Eat at the txoko and clear the table

Amaia Gorostiza, president of Eibar, in Ipurua.

Eibar is in danger. After six consecutive seasons in the First Division, he occupies a relegation place in the absence of a few days. And on the edge of the precipice, and as an example of a modest team, the Superliga project, like the rest of the clubs that are not involved in it, smells of singe. “Eibar is an entity that has taken 74 years to reach the top category,” says Jon Ander Ulazia, CEO of a club that is the only first club chaired by a woman, Amaia Gorostiza. “It was a dream that we saw as impossible and that we achieved in 2014 due to sporting merits. Implementing such an idea would mean that those merits would be replaced by money ”.

The leader of the armory club points out: “There is a generation of children in Eibar who are used to seeing Madrid, Barcelona and the big teams in Ipurua, it seems normal to them and that the Super League can take it forward.” And remember: “The first year, the impact was brutal. When Madrid arrived in the field, crossing the town, everyone was on the street. We were there for a season with parties every 15 days. They say they would continue playing, but with a competition like the Super League, they would face the League with squad B. On the social level, in the long run, if the League loses interest, the fans lose their attachment ”.

And there is also the economy, the cold numbers that are handled in SD Eibar, a club with a budget of 58 million euros (Barcelona has 828), which this past summer only spent two, and whose highest incorporation in its history it cost four.

“We have always been a healthy club and sometimes very conservative in that sense, but in Primera we have become a great contributor to the institutions. Last year we paid 24 million in taxes to the Treasury “, and that, says the CEO,” is an economic boost that transcends football. The decrease in business, because the income pie is not infinite, would affect society ”. After six years in the top flight, Eibar has gone from having 50 employees, including the sports staff, to 200. A change of model, they say, could destroy them.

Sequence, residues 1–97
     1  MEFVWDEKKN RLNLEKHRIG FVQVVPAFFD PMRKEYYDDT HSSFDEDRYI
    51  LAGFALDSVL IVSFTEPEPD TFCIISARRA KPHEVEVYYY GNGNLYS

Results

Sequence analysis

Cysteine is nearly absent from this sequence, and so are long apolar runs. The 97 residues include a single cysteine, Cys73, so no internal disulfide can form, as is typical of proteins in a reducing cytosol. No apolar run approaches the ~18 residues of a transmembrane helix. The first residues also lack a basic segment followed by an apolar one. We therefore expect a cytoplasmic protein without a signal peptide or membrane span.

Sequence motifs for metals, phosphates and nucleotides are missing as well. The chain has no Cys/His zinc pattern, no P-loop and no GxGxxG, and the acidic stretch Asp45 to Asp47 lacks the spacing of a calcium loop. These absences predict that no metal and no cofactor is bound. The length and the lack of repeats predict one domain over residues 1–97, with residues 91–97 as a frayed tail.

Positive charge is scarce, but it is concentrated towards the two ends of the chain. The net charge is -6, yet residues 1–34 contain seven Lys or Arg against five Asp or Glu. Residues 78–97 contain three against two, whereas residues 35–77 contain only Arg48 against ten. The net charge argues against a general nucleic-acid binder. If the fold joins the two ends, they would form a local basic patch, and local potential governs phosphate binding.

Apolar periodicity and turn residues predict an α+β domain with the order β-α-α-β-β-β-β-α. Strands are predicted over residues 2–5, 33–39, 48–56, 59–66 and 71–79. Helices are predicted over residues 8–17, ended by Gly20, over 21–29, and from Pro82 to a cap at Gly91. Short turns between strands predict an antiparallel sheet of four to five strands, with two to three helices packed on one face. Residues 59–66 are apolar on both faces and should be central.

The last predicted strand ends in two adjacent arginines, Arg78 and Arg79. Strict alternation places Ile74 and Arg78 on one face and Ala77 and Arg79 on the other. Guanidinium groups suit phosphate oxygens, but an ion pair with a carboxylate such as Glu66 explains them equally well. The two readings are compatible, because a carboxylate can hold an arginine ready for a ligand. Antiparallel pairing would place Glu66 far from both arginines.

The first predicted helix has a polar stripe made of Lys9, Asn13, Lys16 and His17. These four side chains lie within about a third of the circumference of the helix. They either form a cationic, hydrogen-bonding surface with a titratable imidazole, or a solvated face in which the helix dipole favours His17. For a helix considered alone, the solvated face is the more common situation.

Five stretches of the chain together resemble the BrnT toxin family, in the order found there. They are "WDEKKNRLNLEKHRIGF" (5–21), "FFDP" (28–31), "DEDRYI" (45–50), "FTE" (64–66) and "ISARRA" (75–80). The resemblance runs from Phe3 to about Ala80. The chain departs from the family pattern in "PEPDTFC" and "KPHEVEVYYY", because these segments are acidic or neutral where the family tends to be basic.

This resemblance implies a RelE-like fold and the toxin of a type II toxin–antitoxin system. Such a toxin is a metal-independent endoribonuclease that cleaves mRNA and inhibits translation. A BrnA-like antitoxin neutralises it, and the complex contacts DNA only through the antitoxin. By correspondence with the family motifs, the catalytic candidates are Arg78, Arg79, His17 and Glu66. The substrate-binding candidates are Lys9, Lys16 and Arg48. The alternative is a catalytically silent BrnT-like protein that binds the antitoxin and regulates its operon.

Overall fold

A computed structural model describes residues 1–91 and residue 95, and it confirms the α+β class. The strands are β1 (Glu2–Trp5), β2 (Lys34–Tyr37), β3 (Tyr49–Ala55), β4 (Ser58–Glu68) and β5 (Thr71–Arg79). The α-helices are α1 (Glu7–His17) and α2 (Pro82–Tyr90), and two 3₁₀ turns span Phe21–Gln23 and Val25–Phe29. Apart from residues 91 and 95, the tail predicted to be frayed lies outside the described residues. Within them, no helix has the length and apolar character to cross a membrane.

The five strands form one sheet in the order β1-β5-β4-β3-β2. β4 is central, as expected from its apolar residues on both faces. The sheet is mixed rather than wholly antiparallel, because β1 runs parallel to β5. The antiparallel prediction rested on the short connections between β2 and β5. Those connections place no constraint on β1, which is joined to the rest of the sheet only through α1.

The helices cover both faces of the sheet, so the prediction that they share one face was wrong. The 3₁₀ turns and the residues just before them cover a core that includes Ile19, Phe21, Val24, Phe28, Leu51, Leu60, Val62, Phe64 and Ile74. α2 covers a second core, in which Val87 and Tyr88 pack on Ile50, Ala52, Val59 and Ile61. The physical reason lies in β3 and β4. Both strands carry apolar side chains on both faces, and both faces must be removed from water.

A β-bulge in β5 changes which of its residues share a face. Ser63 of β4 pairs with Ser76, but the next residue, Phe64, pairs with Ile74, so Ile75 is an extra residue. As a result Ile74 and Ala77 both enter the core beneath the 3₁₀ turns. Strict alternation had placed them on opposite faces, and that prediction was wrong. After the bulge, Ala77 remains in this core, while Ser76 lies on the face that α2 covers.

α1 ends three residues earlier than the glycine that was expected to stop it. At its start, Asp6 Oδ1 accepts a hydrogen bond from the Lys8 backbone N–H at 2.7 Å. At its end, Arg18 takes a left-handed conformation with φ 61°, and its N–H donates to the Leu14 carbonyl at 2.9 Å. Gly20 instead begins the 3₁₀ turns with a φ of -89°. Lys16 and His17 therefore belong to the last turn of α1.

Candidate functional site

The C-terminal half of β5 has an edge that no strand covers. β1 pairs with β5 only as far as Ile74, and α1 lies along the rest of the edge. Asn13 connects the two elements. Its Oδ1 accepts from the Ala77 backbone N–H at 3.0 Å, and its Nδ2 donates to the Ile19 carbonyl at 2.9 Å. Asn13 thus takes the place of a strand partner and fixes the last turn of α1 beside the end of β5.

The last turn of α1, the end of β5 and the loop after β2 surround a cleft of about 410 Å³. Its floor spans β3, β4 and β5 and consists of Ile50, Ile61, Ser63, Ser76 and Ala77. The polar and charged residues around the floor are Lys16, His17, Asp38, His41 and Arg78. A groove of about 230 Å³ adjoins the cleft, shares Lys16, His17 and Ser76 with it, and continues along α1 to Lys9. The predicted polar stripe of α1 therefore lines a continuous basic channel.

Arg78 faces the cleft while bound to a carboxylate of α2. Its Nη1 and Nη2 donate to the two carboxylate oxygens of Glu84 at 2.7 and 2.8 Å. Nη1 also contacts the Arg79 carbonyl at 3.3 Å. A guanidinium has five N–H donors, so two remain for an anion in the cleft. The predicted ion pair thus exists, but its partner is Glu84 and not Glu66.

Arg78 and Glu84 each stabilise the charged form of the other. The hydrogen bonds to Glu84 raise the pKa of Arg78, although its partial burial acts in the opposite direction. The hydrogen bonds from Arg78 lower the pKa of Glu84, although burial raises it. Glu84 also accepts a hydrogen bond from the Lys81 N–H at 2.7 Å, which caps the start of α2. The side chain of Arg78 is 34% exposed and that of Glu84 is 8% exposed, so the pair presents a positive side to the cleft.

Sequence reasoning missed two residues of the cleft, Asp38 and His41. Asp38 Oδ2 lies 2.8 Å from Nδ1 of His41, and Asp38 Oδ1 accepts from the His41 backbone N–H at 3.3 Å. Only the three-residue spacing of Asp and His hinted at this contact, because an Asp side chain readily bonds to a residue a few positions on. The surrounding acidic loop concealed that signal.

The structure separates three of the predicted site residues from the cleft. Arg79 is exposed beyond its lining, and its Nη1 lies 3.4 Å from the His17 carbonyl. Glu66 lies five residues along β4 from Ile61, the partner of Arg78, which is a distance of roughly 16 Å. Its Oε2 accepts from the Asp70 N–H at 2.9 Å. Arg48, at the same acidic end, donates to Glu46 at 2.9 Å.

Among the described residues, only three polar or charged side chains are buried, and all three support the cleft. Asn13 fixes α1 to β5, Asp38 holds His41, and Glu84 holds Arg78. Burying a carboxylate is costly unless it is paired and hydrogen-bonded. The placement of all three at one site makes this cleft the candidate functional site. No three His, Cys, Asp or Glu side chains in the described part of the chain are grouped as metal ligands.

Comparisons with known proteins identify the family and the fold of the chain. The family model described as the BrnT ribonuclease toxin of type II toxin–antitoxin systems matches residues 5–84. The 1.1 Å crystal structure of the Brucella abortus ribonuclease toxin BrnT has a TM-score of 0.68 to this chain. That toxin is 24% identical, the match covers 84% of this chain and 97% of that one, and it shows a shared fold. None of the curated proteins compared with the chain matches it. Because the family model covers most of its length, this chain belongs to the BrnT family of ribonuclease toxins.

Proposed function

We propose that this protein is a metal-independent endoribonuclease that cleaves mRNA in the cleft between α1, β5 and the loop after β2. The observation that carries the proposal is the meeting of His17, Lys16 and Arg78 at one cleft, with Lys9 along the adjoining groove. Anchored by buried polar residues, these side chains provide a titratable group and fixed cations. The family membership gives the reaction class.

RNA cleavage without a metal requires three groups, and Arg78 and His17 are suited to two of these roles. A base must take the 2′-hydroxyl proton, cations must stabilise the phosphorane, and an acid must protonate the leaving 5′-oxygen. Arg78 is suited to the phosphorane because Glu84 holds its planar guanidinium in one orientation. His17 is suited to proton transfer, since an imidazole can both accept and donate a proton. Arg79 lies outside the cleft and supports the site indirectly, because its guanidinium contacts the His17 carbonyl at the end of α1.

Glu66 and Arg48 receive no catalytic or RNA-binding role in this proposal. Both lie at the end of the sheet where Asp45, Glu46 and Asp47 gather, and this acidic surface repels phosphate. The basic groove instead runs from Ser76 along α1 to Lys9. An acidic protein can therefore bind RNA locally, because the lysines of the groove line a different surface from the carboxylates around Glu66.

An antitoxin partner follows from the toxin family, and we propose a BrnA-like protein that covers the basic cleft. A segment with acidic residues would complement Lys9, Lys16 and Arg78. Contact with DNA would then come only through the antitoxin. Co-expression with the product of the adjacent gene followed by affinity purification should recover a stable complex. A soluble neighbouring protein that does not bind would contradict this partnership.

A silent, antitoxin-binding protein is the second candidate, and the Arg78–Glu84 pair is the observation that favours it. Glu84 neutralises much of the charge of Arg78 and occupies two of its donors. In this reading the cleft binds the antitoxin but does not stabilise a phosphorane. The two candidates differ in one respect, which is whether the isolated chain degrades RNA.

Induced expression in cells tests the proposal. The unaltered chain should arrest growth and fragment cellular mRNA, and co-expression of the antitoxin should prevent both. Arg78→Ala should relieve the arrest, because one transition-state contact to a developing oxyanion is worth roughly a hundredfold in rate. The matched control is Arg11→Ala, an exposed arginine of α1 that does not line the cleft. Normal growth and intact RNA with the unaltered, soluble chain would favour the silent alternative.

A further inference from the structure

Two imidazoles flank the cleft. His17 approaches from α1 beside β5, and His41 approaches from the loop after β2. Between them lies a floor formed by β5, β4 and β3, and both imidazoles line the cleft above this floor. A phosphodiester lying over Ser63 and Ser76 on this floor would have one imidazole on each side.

Romanticism still beats in Ipurua, a stadium located under a viaduct on the Bilbao-Behobia AP8 motorway, with a capacity for 8,164 people, the second lowest in Primera, only ahead of Alcoraz, in Huesca, and little more than Di Stéfano, the field of the sports city where Madrid now plays. And although the pandemic has changed some customs, the Eibar players used to meet three times a week to eat in the txoko of the same field, a place where they mixed with the technicians of the various teams and the entity’s employees . The food is made right there, by the cooks of a specialized company, under the supervision of a nutritionist, with products from the surroundings of Eibar. Many footballers repeat even on the days when they are not required to attend. When they finish, they clear their table, deliver the dishes to the managers and personally take care of throwing the waste away. They are all the same there.

Eibar lives in that modesty. “Three years ago we put together a great squad and in some phases of the season we dreamed of arriving in Europe. Imagine what it would have meant for a city like ours”, says Ulazia. With the current money from televisions, Eibar has remodeled Ipurua from top to bottom, despite the fact that it is a municipal venue, and will soon begin to build its sports city. “These infrastructures are going to be there for 30 or 40 years,” says Ulazia. “We had the option of using that money to pay more and more to the players, but that is a wheel, in which the Super League clubs are involved, and from which you no longer leave.”

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